Skip to main content

On the Physiological Relevance of Muscarinic Acetylcholine Receptors in Alzheimer's Disease

Buy Article:

$55.00 plus tax (Refund Policy)

The loss of cholinergic neurons, particularly in the forebrain, plays an important role in the pathophysiology of Alzheimer's disease (DAT). This concept has lead to the effective treatment of DAT by means of acetylcholine (Ach) esterase inhibitors. G-protein-coupled muscarinic acetylcholine receptors (mAchR) are classified in 5 subtypes, the M1 receptor stimulation and M2 inhibition being especially associated with cognitive skills. Modified cerebral muscarinic receptor profiles in patients with Alzheimer's disease in addition to loss of Ach releasing neurons help us to understand the pathophysiology of dementia and offer potential therapeutic approaches. Specific agonists and antagonists of muscarinic receptors are discussed as possible treatment options in DAT. Experimental results postulate a positive long lasting modulation of the pathological neuronal protein pattern in addition to their cholinomimetic effect.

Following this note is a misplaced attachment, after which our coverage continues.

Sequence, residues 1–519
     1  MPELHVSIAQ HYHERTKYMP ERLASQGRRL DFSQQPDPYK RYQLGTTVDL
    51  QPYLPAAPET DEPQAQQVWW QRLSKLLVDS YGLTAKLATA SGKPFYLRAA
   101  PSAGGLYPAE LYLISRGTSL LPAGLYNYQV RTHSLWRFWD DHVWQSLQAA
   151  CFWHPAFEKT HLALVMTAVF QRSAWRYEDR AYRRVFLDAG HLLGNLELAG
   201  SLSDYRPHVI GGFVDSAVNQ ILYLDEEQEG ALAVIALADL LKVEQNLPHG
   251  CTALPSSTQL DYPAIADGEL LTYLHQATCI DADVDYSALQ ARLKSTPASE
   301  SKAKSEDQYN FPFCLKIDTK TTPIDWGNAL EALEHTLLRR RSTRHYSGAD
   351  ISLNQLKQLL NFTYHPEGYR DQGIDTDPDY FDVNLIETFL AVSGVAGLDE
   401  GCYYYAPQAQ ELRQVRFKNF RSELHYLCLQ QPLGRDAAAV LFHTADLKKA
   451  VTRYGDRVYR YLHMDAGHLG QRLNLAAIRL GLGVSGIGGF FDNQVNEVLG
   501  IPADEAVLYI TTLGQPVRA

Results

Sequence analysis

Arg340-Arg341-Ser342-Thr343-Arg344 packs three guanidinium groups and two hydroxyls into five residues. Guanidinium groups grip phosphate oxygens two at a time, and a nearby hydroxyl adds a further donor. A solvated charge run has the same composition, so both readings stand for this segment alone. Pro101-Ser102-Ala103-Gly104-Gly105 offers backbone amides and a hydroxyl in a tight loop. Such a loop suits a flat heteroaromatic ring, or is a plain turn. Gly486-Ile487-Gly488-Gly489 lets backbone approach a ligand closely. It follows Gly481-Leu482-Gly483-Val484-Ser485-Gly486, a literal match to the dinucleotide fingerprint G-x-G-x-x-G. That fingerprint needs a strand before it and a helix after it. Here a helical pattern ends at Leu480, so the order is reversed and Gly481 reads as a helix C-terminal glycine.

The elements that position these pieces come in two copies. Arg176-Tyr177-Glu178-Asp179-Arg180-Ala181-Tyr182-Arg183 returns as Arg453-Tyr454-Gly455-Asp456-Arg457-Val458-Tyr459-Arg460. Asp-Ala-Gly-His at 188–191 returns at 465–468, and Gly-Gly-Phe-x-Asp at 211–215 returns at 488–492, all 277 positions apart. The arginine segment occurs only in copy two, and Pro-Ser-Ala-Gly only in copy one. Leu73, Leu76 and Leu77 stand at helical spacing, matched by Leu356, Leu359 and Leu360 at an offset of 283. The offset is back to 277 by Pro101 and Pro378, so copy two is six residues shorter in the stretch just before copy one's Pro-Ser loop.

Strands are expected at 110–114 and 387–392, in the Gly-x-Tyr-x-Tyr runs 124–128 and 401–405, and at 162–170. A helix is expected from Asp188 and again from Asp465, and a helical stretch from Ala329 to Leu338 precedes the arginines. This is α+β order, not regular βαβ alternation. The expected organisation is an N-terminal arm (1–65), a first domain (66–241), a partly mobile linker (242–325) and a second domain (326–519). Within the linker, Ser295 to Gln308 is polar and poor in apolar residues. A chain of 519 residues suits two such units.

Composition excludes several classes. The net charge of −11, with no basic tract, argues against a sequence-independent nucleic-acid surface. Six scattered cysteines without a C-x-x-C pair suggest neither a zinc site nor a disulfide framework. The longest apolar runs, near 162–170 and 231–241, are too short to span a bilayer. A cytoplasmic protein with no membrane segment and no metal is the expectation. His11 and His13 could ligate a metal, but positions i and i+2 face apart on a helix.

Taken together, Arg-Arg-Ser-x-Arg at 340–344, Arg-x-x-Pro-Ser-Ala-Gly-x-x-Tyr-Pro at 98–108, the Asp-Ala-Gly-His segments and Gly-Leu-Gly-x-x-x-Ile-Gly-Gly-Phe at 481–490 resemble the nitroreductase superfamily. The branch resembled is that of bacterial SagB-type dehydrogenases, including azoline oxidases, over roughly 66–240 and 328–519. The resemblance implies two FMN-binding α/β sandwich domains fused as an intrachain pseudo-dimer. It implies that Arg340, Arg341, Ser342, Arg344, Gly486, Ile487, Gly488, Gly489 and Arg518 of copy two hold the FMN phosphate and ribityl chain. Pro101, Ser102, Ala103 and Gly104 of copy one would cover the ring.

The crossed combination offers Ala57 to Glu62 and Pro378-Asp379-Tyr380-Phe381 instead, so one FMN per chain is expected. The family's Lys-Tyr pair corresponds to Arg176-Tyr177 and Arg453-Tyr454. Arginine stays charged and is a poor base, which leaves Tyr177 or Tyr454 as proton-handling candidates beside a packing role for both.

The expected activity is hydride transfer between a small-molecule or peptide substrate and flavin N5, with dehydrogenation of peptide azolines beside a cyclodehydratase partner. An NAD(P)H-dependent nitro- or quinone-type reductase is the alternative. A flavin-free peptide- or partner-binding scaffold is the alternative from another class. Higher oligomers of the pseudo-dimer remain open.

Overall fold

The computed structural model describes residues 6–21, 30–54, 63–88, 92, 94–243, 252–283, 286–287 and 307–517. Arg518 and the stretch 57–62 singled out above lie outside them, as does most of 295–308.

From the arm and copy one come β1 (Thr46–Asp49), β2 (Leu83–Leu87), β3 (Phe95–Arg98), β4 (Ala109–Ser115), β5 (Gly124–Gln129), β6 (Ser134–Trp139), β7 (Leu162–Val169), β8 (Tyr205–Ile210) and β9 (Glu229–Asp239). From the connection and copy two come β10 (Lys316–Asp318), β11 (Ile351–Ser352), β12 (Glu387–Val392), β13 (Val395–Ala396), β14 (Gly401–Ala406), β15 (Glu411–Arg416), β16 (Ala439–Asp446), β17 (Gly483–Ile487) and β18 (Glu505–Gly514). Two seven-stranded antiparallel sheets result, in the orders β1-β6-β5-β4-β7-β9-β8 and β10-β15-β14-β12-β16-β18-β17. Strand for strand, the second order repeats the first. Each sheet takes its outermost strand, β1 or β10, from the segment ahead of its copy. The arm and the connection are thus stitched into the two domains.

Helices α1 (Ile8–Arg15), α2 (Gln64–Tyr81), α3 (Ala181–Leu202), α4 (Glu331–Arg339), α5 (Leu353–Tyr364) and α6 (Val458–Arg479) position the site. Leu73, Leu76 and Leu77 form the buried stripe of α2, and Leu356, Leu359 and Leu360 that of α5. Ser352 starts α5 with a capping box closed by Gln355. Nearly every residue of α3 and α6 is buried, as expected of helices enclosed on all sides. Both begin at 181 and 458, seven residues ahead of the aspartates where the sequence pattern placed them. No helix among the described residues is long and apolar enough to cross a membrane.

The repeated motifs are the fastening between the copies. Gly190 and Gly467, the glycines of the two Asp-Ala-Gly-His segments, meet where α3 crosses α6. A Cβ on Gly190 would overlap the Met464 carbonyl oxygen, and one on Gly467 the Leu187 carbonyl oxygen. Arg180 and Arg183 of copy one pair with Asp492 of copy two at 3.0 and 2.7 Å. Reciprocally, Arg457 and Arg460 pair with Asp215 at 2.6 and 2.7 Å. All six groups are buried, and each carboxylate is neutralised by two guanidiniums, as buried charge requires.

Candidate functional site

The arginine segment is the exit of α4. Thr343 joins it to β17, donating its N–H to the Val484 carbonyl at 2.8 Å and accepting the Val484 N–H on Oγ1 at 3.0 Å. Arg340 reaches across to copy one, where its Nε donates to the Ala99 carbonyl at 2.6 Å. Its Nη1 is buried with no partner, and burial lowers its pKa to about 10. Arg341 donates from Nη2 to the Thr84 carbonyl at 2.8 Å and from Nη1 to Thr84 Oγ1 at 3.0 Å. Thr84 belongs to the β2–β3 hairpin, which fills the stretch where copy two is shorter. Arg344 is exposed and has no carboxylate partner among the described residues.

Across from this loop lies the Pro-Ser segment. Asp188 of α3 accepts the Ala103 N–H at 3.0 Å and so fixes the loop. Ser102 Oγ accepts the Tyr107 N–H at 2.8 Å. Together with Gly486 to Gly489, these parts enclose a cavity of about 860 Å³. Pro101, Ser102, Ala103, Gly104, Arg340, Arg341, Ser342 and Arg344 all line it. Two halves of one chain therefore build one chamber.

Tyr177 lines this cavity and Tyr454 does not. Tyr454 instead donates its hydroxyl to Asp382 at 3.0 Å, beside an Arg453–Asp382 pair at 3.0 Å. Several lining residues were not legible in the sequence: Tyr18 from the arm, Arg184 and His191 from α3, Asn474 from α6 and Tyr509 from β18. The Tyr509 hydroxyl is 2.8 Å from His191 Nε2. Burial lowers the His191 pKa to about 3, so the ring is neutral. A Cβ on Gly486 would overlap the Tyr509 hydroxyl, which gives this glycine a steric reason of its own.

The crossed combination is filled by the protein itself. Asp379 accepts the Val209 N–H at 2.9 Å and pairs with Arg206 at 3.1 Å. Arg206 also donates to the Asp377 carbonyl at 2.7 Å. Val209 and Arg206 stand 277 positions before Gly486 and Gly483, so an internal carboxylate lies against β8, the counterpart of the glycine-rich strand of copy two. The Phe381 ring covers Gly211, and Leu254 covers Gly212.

No References
No Citations
No Supplementary Data
No Data/Media
No Metrics

Keywords: agonist; antagonist; dementia; muscarinic receptors

Document Type: Review Article

Affiliations: Neurologische Universitatsklinik am Bezirksklinikum Regensburg, Universitatsstrasse 84, 93053 Regensburg, Germany.

Publication date: 2005-11-01

More about this publication?
  • Current Medicinal Chemistry covers all the latest and outstanding developments in medicinal chemistry and rational drug design. Each issue contains a series of timely in-depth reviews written by leaders in the field covering a range of the current topics in medicinal chemistry. Current Medicinal Chemistry is an essential journal for every medicinal chemist who wishes to be kept informed and up-to-date with the latest and most important developments.
  • Access Key
  • Free content
  • Partial Free content
  • New content
  • Open access content
  • Partial Open access content
  • Subscribed content
  • Partial Subscribed content
  • Free trial content
Cookie Policy
Cookie Policy
Ingenta Connect website makes use of cookies so as to keep track of data that you have filled in. I am Happy with this Find out more